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Why do you think the once ‘caring’ teaching profession has changed?

Discussion in 'Personal' started by TES_Rosaline, Apr 24, 2019.

  1. TES_Rosaline

    TES_Rosaline Administrator Staff Member

    More teachers are suffering from burn out and mental health issues, but what do you think has led to this widespread problem and what needs to change to reduce stress in the job?

    ‘A teacher who previously served in the armed forces was sent him back into the classroom two hours after experiencing a traumatic flashback.

    Ian Jones today related how his school failed to appreciate his plight as the NASUWT teaching union backed a call for more training on teacher mental health.

    In an emotional address to delegates at the union's annual conference in Belfast, the Leicester teacher said he believed his head would want to do everything she could to help him, but did not understand how terrifying flashbacks are.’

    What extra support should be offered to teachers suffering from poor mental health? Were you or your colleagues given support for work-related stress?

  2. BelleDuJour

    BelleDuJour Star commenter

    Data and league tables.
    Gongs for all.
    Grade inflation.
    Once it's no more about the individual students, and everything is the teachers' fault, the whole lot goes mammaries up!
  3. racroesus

    racroesus Star commenter

    Academies are different.
    Layers of management everywhere.
    Too many people in support jobs think their jobs should be supported by teachers.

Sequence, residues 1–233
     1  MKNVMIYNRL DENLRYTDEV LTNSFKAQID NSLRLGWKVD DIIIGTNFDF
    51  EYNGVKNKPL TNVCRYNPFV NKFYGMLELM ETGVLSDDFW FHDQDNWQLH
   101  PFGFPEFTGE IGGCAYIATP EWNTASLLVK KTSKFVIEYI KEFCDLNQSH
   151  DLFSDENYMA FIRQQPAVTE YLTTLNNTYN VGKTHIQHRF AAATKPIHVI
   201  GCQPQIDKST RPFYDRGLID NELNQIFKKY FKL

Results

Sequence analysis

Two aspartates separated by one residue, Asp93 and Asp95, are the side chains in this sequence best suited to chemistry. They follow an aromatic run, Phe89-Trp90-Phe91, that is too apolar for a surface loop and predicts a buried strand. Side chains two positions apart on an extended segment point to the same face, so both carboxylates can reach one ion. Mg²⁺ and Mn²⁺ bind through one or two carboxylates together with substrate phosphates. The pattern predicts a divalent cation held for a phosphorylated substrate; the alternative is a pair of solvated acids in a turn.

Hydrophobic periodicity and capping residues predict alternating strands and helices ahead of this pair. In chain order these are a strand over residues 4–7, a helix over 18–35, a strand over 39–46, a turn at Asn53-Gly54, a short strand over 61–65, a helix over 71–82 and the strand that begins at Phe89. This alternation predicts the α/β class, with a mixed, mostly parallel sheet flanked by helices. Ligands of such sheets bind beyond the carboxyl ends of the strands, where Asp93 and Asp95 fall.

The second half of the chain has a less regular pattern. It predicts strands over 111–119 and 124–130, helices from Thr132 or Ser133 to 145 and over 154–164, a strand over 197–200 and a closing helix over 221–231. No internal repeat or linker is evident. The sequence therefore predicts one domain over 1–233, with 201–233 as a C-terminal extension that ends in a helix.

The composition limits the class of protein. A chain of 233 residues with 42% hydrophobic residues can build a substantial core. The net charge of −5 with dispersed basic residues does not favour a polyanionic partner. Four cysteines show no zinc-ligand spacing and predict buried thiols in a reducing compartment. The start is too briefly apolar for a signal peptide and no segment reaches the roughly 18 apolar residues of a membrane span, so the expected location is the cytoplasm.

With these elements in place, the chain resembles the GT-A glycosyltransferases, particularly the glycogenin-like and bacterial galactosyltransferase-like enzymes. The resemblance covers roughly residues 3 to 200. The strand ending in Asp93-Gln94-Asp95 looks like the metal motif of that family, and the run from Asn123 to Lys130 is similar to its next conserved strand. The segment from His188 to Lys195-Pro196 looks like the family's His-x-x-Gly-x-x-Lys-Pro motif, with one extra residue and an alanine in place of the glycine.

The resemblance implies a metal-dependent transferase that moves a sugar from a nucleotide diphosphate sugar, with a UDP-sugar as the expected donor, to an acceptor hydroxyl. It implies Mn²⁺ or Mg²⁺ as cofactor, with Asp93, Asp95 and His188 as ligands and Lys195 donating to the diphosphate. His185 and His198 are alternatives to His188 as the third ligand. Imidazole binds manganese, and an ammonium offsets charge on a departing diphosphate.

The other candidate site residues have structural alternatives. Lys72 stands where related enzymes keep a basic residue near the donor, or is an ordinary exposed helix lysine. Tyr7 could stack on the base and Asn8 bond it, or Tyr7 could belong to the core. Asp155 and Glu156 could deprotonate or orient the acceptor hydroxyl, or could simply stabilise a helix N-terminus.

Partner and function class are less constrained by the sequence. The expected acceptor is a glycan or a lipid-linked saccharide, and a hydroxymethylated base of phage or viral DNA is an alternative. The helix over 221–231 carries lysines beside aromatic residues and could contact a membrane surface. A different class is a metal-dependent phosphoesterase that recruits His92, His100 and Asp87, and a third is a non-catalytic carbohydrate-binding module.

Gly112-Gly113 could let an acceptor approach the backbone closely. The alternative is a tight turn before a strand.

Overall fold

4. peakster

    peakster Star commenter

    Too large management teams

    Too many people with not enough to do

    Too many young teachers promoted into management positions who lack even basic people skills.

    Too much conflicting advice.

    Too little respect for older teachers

    Parents having unrealistic (or no) expectations for their children
  5. Oscillatingass

    Oscillatingass Star commenter

    There isn't the time to be "caring". These days it is all about "delivering" the results regardless of the cost to the mental health and self esteem of both teachers and pupils. Anyone who has a different agenda is shown the door.
  6. racroesus

    racroesus Star commenter

    Remember that the contract is open ended. Teachers do the hours necessary to fulfil the requirements of the job. To add 'caring' means that more hours will need to be spent by teachers supporting management in jobs involving making sure that teachers 'care' properly.
  7. racroesus

    racroesus Star commenter

    Not that TES would recognise this. TES needs Lighthouses for illumination.
  8. sparklesparkle

    sparklesparkle Established commenter

    "Why do you think the once ‘caring’ teaching profession has changed?"

    "More teachers are suffering from burn out and mental health issues, but what do you think has led to this widespread problem and what needs to change to reduce stress in the job?"

    As these are two different questions, it doesn't make a lot of sense. Are the "caring" people in question meant to be school managers? Have they ever been "caring"?
    valentyna_holenkova likes this.
  9. BertieBassett2

    BertieBassett2 Star commenter

    agathamorse likes this.
  10. Ivartheboneless

    Ivartheboneless Star commenter

    Turning education into a "business", then jumped on by academy "trusts" (misuse of the word) so they can cream a profit off it.
  11. LondonCanary

    LondonCanary Star commenter

    I never noticed it was caring in the 60s. The caring years must have come later.
    Post corporal punishment?
  12. magic surf bus

    magic surf bus Star commenter

    I can recall an incoming 'reforming' HT actually deriding us for having a reputation locally as a caring school. Needless to say they soon put that quaint little anachronism to bed on the road to OFSTED outstandingness.
  13. sbkrobson

    sbkrobson Star commenter

    I laughed (I shouldn't, I know ,I know)
    Given the sorts of classes many of us have to endure, that is such an excellent use of "perspective therapy" for PTSD.
  14. racroesus

    racroesus Star commenter

    There you are. I read the OP and took it as teaching caring for pupils. Caring for teachers? A joke.